Experiments were designed to provide information about the physiological basis of flood‐tolerance in Senecio species. The oxygen concentration in roots of S. jacobaea L., S. viscosus L. and S. vulgaris L. became almost zero after transplantation to a solution of low oxygen concentration, and it was concluded that the flood‐sensitivity of these Senecio species could be due to insufficient oxygen transport from the shoots to the roots. The oxygen concentration in the roots of the flood‐tolerant S. congestus (R.Br.) DC., growing in a solution of low oxygen tension, was almost sufficient to maintain oxygen utilization at the rate observed in roots of plants, grown in an air‐saturated solution. Oxygen utilization by roots of the flood‐tolerant S. aquaticus Hill, growing in a solution of low oxygen tension, was inhibited 50%. However, the oxygen concentration in the roots of this species remained high enough to maintain cytochrome oxidase activity and oxidative phosphorylation at the rate observed in roots from an air‐saturated environment. The activity of a second (“alternative”) oxidase must have been drastically reduced. Alternative NADH‐oxidizing enzymes, like nitrate reductase which was induced by anaerobiosis in roots of S. aquaticus, might replace the regulatory function of the alternative oxidase. — Thus, in S. aquaticus root porosity and root length contributed to the maintenance of an oxygen concentration which was sufficient for uninhibited cytochrome oxidase activity and oxidative phosphorylation rate in roots growing in a solution of low oxygen tension.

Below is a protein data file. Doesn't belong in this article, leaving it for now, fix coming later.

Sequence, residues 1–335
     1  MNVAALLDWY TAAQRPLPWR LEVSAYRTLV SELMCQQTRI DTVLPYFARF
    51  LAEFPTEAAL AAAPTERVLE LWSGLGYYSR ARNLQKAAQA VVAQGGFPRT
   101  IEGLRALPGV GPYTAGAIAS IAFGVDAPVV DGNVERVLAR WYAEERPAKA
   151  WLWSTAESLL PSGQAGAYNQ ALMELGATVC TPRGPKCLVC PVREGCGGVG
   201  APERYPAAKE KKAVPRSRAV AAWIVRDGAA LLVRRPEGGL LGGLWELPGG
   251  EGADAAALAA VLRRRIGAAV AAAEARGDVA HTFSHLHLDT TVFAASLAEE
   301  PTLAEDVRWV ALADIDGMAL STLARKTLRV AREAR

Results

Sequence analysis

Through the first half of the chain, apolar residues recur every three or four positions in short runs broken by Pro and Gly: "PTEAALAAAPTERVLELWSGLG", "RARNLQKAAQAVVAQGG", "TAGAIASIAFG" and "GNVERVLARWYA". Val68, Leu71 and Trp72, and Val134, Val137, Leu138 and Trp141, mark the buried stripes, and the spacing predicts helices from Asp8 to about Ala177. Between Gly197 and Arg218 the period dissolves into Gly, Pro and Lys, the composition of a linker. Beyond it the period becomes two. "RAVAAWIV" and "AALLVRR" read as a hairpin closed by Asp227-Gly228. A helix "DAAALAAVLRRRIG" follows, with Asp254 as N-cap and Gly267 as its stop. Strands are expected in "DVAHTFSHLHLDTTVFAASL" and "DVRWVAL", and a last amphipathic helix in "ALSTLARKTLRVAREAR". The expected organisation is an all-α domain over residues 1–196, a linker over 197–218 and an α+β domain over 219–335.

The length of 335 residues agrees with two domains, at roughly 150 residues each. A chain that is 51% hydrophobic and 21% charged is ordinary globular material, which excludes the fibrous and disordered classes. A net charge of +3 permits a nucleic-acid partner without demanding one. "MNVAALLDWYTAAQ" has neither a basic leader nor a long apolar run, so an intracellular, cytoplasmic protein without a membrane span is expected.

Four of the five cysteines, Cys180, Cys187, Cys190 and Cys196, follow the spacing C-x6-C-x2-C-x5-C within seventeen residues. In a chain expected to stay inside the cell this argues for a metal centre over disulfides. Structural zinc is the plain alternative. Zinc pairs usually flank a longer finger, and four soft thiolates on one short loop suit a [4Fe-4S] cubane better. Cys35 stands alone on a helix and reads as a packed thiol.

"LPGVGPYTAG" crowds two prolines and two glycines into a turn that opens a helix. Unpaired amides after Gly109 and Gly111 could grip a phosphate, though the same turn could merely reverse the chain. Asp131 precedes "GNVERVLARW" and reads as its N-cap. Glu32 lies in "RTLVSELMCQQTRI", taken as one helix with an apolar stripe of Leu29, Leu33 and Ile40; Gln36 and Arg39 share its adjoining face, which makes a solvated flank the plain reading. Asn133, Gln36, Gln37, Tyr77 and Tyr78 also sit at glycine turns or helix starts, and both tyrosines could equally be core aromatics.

|Number of pages||5|
|Publication status||Published - 1 Jan 1978|